zc.buildout is a powerful build/configure/deployment tool for creating applications from multiple parts, some not python. It's perfect for sharing a development environment or deploy applications to many hosts.
This tutorial will cover basic concepts, similarity to other tools such as virtual-env, puppet etc as well as practical examples.
zc.buildout has successful been used with web applications such as Plone, django and pyramid.
In this talk I'll be running through the current choices of web micro frameworks and comparing them by implementing a simple application.
by Dr. Graeme Cross
Whirrr, buzz, squelch, click, smash, bing!
Python is so much more than a language for Web 2.0 and system administration: Python can also be used for interfacing into the real world.
Learn how to connect Python up to stepper motors, micro-fluidic pumps, A/D sensors, switches, solenoids, vacuum/pressure valves and XYZ robots, with simple off-the-shelf control hardware.
We'll also cover various control interfaces (such as pyserial), concurrent control (eg threading), coupling to C/C++ and some tips and traps when using Python for embedded and real-time control.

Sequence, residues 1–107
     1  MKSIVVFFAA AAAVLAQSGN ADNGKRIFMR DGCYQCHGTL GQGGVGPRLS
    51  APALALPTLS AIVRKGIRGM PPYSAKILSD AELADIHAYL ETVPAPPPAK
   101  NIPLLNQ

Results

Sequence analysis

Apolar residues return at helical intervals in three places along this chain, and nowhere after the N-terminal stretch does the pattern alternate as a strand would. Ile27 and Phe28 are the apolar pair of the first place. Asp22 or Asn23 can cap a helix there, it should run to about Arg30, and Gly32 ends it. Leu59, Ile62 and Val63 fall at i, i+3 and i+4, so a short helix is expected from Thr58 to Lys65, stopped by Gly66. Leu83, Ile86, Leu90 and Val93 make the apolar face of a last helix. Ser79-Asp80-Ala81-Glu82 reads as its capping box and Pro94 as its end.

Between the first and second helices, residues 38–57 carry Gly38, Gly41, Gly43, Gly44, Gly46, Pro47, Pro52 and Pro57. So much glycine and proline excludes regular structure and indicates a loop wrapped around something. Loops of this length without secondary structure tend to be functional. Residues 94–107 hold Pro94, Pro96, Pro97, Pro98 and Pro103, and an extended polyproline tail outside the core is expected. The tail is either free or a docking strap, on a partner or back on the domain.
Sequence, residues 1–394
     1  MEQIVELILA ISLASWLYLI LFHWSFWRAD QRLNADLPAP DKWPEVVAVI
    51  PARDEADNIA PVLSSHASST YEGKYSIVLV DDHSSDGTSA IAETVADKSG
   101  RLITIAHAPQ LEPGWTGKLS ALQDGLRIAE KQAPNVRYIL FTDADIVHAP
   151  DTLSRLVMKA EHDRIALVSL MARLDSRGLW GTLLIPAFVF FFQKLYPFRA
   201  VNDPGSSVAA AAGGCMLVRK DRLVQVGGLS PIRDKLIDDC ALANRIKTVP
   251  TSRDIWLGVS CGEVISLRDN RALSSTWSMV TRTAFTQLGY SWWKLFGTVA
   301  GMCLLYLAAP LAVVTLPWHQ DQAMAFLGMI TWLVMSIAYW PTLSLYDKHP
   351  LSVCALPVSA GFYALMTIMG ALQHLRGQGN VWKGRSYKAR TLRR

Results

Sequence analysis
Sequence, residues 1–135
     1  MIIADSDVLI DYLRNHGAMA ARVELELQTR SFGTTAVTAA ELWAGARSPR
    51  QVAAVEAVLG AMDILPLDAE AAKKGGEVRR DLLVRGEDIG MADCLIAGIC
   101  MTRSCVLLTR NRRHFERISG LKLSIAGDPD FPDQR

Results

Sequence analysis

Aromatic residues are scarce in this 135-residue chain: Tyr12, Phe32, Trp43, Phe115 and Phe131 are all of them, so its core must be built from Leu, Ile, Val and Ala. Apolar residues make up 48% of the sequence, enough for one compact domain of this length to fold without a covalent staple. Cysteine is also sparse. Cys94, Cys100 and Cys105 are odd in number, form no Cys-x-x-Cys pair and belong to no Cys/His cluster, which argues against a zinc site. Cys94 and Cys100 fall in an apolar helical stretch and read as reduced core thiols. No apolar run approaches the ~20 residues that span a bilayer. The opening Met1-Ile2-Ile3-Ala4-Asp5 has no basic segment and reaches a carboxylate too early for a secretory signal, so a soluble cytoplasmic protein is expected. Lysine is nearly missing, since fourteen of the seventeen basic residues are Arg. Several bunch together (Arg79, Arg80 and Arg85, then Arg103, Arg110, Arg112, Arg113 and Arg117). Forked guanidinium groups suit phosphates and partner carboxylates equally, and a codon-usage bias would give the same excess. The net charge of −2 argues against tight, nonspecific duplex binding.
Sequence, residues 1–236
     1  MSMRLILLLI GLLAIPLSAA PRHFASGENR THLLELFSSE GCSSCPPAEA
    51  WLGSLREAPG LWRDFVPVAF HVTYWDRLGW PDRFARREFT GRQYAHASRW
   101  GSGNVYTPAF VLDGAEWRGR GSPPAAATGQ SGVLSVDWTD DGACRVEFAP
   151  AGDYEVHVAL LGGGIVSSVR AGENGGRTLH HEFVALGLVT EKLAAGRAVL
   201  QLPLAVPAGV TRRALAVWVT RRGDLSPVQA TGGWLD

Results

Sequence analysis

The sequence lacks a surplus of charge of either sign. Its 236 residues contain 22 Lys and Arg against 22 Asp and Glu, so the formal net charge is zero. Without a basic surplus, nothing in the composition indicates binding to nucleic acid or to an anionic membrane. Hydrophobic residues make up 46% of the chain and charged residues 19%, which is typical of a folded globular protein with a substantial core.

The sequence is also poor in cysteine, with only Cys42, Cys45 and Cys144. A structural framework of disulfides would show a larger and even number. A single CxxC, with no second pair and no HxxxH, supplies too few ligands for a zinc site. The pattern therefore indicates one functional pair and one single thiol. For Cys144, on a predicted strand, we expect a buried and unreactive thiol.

This will be a panel discussion wherein we wax philosophical about the state of web frameworks in Python - talking about invention, reinvention, multitudes of choice, how all of them suck, etc. Panelists will include Dylan Jay, Malcolm Tredinnick, Russell Keith-Magee and Richard Jones.
Tennessee has been working on a module for integrating cpu time management with unit testing using an easy-to-use decorator. With all the options turned on, this will produce a a performance history, tracked by revision, integrated with the software used to produce the benchmarking graphs as used on http://speed.pypy.org/. You too can have this kind of shinyness for (almost) free!
by Ryan Kelly
What's python really doing when it runs your scripts, and what's with all these .pyc files? Get inside the head of python.exe, learn how it sees your code, and then twist it to your own evil ends.
This talk will discuss the basics of python's bytecode format, why and how it is used, and how you can dive into the bytecode of your running program - either to better understand its behavior, or to make it do things it was never supposed to do...
20th–21st August 2011